The International Women’s Museum in San Francisco recently debuted an on-line exhibition called, Women, Power, and Politics. It’s an outstanding multilingual collection of exhibits focusing on women’s political participation worldwide, divided into categories like Biology, Appearance, Religion, Democracy and much more. There’s even a toolkit and interactive elements if you’re moved to get involved or give feedback. Truly good stuff. Over the next couple weeks, I’ll post about some of the stories, voices and ideas found there.
Right after reading about a return to modesty, I was really struck by its polar opposite: the IMOW’s exhibit about how hundreds of women in Nigeria succesfully strong-armed the region’s all-powerful oil companies by stripping naked.
Male protesters had resorted to kidnapping, sabotage and violence in their ongoing struggle against worker abuse and environmental contamination, but a group of female protesters had an entirely different strategy: they took off their clothes. In Nigerian culture, it is an abomination for a man to see a mother or grandmother naked, a curse so feared and respected that it allowed hundreds of women to take over an oil-producing facility and force the company to the bargaining table:
“The stripping off of clothes particularly by married and elderly women is a way of shaming men — some of whom believe that if they see the naked bodies they will go mad or suffer some great harm. The curse extends not just to local men but also to any foreigner who it is believed would become impotent at the sight of “the naked mother,” says Sokari Ekine, the International Coordinator of the Niger Delta Women.
Apparently the “curse of nakedness” is only invoked in extreme circumstances, and as a last resort–women often take a solemn vow beforehand to acknowledge the enormity of their actions. In this case, these unarmed women used the curse’s power so effectively that they held 700 workers hostage and blocked the production of half a million barrels of oil. Their husbands and sons rallied behind them when they realized that the women could sway the oil companies in a way that their more violent protests had not.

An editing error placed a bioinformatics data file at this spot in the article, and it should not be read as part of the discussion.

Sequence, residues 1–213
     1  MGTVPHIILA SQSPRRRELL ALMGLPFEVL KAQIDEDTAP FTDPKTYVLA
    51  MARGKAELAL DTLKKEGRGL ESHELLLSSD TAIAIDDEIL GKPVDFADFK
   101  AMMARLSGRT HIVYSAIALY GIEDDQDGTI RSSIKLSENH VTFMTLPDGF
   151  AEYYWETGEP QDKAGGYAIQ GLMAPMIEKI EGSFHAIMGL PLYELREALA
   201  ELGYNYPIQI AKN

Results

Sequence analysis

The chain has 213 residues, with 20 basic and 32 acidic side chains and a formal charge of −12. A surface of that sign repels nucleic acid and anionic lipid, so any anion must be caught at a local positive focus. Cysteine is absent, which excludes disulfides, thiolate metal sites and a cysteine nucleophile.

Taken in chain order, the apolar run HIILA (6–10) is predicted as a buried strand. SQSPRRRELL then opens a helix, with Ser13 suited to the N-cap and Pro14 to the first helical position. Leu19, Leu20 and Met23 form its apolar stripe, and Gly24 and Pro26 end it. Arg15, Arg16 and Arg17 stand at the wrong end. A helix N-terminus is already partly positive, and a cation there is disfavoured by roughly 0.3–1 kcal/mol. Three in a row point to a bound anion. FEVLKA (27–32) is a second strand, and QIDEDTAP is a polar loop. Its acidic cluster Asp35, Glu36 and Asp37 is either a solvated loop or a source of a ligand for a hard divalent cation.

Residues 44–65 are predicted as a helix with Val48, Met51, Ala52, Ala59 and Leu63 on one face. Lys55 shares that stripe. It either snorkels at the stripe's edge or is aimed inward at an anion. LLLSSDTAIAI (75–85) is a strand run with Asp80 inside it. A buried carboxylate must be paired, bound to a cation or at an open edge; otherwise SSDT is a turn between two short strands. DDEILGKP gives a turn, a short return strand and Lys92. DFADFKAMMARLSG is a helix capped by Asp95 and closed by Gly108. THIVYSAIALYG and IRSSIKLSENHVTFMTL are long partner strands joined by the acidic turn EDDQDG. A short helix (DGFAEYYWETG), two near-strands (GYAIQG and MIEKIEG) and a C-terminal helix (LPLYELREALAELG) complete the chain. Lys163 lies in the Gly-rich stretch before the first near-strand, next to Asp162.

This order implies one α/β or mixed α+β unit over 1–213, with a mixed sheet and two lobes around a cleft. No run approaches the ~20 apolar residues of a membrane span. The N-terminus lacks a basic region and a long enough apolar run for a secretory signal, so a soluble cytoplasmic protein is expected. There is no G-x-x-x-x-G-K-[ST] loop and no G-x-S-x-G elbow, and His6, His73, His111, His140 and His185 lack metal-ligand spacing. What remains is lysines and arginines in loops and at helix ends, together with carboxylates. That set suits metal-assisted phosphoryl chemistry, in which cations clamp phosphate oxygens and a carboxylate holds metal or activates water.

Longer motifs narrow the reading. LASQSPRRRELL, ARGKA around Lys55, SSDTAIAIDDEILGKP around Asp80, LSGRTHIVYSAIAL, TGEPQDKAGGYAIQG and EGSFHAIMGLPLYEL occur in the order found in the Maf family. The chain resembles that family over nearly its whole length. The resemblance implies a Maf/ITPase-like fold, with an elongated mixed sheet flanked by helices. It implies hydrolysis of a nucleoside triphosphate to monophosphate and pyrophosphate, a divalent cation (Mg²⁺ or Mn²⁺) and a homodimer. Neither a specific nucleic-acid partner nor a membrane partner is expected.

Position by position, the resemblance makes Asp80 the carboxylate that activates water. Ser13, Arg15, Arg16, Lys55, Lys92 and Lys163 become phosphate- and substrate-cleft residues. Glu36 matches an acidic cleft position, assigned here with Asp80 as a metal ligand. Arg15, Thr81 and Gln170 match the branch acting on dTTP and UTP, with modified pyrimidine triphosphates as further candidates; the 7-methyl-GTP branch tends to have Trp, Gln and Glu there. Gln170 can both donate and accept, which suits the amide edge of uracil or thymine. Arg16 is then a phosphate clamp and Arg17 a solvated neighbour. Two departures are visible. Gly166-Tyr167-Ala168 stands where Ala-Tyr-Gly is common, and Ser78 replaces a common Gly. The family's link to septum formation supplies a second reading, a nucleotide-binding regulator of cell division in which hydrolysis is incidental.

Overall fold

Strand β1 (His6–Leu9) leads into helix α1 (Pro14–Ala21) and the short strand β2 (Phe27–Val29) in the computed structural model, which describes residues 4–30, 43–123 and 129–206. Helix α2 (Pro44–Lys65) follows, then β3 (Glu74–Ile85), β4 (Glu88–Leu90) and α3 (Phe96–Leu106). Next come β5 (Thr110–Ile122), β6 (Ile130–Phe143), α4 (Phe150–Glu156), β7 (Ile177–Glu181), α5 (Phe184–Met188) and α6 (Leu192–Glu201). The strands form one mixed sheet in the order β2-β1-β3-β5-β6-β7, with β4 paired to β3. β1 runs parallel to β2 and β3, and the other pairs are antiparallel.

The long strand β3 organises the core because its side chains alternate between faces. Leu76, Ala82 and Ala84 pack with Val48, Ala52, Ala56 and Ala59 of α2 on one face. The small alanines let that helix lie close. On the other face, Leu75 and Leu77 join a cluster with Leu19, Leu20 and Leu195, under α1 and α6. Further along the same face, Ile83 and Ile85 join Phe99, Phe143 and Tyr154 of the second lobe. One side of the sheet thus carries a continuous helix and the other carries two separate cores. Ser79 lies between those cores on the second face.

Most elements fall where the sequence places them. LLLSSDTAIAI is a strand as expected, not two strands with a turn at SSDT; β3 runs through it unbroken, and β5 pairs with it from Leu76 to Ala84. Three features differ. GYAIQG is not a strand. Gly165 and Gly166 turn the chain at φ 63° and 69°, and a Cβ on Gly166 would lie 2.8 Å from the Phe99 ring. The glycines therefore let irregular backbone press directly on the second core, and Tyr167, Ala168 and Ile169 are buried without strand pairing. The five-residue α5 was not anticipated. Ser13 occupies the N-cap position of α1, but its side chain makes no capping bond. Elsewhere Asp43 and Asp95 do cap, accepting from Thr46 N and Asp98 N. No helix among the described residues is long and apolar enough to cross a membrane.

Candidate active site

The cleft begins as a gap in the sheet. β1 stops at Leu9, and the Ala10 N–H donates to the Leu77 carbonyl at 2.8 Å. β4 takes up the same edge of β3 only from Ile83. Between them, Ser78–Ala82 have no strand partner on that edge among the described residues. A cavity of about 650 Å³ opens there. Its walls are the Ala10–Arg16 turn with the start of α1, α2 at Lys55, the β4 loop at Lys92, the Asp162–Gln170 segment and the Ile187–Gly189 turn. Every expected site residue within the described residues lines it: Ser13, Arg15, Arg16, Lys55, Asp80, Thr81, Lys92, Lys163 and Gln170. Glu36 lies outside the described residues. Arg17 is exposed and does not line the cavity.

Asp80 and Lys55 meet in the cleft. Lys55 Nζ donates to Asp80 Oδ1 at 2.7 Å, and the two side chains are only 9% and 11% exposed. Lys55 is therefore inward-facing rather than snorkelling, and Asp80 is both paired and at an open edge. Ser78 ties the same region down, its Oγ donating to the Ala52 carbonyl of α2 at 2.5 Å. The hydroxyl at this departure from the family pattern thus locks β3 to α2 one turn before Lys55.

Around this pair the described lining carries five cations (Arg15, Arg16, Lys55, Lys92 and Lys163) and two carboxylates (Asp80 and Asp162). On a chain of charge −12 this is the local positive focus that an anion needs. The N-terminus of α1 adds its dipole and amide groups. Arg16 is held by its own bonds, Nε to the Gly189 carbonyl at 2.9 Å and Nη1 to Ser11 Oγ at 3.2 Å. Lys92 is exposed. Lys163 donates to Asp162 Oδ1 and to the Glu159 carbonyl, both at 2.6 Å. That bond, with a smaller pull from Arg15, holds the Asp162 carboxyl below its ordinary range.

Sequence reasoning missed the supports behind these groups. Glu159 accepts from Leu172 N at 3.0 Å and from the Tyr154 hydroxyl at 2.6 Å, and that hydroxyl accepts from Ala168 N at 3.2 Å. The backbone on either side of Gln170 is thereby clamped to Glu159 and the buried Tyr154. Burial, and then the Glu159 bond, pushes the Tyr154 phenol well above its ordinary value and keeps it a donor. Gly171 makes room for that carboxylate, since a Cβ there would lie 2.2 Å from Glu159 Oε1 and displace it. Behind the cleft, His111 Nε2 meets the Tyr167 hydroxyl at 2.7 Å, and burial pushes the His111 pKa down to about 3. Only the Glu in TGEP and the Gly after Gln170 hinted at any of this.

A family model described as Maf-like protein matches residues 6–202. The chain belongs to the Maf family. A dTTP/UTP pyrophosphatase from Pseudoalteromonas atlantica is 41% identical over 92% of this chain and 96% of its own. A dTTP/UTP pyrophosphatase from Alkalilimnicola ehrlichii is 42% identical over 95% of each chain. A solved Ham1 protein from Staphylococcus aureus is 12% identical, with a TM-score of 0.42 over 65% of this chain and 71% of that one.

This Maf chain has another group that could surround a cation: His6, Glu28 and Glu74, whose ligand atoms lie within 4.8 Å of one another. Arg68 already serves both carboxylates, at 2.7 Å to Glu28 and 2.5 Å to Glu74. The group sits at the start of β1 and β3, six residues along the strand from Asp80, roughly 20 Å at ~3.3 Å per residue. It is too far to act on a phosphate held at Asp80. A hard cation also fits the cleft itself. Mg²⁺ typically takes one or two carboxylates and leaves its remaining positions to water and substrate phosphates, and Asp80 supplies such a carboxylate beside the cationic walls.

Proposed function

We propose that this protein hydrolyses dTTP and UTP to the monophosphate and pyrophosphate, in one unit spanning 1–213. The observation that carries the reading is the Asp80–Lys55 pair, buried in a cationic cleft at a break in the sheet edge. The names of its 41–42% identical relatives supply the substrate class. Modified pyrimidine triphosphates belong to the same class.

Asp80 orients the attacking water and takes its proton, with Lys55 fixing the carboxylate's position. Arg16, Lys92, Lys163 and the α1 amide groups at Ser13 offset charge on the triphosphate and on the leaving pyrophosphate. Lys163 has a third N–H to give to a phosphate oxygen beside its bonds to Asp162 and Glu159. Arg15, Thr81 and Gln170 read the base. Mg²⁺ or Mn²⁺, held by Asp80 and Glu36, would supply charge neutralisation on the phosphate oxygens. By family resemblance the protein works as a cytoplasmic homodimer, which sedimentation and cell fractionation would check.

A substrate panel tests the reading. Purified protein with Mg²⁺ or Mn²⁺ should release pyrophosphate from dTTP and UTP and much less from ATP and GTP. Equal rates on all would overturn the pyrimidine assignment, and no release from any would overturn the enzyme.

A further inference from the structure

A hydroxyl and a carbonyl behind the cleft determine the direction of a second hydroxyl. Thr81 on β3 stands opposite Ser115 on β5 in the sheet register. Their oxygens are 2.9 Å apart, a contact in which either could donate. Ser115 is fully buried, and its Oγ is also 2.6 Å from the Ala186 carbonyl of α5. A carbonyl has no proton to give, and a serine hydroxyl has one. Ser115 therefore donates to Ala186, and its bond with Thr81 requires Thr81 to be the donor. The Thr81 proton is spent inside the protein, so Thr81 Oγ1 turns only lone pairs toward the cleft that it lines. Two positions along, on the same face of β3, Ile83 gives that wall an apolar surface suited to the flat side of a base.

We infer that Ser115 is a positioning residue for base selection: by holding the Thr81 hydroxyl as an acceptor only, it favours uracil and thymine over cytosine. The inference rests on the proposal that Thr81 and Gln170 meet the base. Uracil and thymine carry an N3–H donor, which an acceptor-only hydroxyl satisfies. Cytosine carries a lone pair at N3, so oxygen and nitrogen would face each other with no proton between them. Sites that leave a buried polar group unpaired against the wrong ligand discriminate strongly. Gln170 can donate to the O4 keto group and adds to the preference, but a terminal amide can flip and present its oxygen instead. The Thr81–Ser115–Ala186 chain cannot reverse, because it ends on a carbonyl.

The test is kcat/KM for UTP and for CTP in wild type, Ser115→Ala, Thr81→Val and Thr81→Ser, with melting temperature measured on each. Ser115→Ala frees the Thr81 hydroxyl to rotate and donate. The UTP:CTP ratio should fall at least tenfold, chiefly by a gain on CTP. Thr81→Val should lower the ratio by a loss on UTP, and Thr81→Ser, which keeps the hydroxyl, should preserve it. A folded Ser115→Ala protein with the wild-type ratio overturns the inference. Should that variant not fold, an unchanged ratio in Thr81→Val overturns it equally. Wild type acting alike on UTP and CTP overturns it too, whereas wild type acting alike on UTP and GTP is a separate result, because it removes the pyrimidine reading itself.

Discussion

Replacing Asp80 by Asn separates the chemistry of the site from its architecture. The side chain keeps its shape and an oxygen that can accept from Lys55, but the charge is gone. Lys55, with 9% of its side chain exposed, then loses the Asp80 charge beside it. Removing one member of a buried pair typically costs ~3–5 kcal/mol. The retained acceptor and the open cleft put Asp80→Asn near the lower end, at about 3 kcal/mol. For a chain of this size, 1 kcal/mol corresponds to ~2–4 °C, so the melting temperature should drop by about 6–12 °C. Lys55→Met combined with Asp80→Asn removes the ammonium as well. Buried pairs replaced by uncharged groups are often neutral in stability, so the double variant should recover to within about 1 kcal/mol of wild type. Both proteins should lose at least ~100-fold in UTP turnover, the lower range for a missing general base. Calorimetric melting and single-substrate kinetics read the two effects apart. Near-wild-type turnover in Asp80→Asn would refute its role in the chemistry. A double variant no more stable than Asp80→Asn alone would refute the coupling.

As a Western woman who generally rails against gratuitous nudity in the media–which is almost without exception female nudity, presented merely as titillation or objectification–I was taken off guard by how powerful this story is, and all the questions it provokes. Does this West African curse endow women’s bodies with the kind of power and respect that is so often lacking in American culture? Is this the opposite of our ugly ageist notion that older women’s bodies are useless and unappealing? Or does it actually reinforce that notion by making an older body the agent of so much horror?
It seems to be more the former than the latter:
“We all come into the world through the vagina. By exposing the vagina, the women are saying: ‘We are hereby taking back the life we gave you,'” Turner says. “It’s about bringing forth life and denying life through social ostracism, which is a kind of social execution. Men who are exposed are viewed as dead. No one will cook for them, marry them, enter into any kind of contract with them or buy anything from them.”
There’s no sexuality here, no titillation at all. Is this the ultimate empowerment of women’s bodies? That they are only stripped bare at the times of greatest crisis and in order to affect the greatest change? I know there are plenty of causes I would invoke “the curse of nakedness” for, if only it worked in our culture.